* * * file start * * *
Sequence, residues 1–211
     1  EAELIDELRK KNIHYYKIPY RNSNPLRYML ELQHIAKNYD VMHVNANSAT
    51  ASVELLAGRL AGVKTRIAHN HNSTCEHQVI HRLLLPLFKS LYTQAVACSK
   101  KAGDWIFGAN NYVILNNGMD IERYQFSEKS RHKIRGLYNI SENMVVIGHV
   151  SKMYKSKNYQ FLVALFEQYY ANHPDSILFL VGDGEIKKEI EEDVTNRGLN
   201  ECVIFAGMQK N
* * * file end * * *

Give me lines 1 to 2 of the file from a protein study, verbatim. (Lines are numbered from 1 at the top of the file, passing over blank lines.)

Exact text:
Sequence, residues 1–211
     1  EAELIDELRK KNIHYYKIPY RNSNPLRYML ELQHIAKNYD VMHVNANSAT